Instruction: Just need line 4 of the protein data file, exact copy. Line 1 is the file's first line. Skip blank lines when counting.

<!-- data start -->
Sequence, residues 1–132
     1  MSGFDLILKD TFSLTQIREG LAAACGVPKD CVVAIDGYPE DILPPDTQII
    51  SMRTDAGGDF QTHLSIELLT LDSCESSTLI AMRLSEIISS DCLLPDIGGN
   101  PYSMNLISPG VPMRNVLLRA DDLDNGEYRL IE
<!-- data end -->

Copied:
   101  PYSMNLISPG VPMRNVLLRA DDLDNGEYRL IE